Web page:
Abraham, according to Carroll, is “a figure of God’s preference for nonviolence, since his story (the non-sacrifice of his son Isaac) is offered, in effect, as a correction to the story of Noah that precedes it in Genesis...
Abraham represents the repentant God’s adjustment, the achievement of peace and justice not through destruction but through the coming of a vast new people that defines itself by peace and justice.”
Similarly, Carroll argues that Christianity, especially the Church after Constantine, forgot the nonviolence of Jesus in the Gospels. In the Christian memory, the Romans are somehow remembered as benign, and the Jews get the blame for killing Jesus. The Roman war against the Jews, which was horrible and long, gets forgotten in the Christian telling of the story.
This is much more a book about the idea of Jerusalem – the “heavenly Jerusalem” and its role in promoting sacred violence – than it is about the earthly Jerusalem. This is both its strength and its weakness.
For those looking for another book about the actual city of Jerusalem, this is not it.
But if you want to get a better understanding about how apocalyptical ideas, with Jerusalem at the center, have influenced sacred violence throughout history, you will find this book both sweeping in scope and illuminating in its message.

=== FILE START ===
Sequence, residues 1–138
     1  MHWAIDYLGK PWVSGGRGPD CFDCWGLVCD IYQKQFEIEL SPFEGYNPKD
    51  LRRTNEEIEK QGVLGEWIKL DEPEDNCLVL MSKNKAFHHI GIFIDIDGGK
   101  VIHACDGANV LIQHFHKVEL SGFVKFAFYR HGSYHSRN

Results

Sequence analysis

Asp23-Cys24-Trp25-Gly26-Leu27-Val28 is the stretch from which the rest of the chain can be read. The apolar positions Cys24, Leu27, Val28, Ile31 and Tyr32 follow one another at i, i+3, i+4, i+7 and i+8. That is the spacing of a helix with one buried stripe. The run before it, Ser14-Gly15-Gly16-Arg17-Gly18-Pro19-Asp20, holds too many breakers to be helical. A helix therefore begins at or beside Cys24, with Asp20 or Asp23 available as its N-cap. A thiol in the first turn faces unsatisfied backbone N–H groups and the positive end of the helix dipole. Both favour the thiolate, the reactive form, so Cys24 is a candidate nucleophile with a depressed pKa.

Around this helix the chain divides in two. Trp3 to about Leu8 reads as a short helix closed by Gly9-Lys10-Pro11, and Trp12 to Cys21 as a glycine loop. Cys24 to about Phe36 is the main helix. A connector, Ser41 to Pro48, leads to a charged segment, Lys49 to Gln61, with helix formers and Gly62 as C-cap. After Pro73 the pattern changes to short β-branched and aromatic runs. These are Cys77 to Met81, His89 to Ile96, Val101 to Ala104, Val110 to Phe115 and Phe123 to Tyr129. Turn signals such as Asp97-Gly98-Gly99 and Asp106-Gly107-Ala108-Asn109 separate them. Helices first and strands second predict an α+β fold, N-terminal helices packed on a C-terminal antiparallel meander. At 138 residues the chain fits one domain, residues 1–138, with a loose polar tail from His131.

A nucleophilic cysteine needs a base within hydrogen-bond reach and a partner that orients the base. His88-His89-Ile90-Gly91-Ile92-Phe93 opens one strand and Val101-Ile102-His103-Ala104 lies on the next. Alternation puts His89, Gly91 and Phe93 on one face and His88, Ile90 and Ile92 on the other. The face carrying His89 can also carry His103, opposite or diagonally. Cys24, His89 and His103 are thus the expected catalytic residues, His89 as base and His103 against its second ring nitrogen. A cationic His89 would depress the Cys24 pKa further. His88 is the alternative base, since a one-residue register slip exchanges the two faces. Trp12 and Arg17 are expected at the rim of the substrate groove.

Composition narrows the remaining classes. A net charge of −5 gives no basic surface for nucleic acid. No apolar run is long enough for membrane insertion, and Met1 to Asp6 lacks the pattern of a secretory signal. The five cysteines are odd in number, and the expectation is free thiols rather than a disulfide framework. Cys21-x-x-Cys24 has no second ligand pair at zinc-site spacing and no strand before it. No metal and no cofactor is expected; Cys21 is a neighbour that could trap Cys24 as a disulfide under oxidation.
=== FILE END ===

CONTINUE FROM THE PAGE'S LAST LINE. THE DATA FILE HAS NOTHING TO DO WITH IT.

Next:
Despite the tortured history of sacred violence, always somehow connected to Jerusalem, Carroll wants to see Jerusalem as a source of hope. I too want to see it as source of hope, which is why I appreciated his point at the end of his lecture when he said that “we live in a time which requires positively chosen recollection... and we need to choose a vision which will empower us.”
Similarly, at the end of the book, he offers us a concluding chapter on “good religion” in which he stresses the role that Jerusalem can play as a center of religious transcendence: “...for Jerusalem is a place where, since the dawn of history, good religion has sought to push out bad.”
After finishing the last chapter, I was still waiting for more on how Jerusalem could be a source of hope, and not just a place for competing apocalyptic visions, especially when I am told that “Jerusalem today is defined by the hopeless, mutually selfdestructive war between Palestinians and Israelis.” I guess I was looking for more of Isaiah, who envisioned Jerusalem as a city of justice and inspiration, and less of Jeremiah, who witnessed and lamented its destruction.
Carroll does see Jerusalem as “the capital today of encounters in which absolutisms are shown to be mutually interdependent.” I would add that it is already a center of interreligious dialogue, but much more needs to be done if Jerusalem is to become a city of peace, a whole and harmonious city for all its inhabitants.
The writer, an educator and rabbi, serves as the director of the Interreligious Coordinating Council in Israel.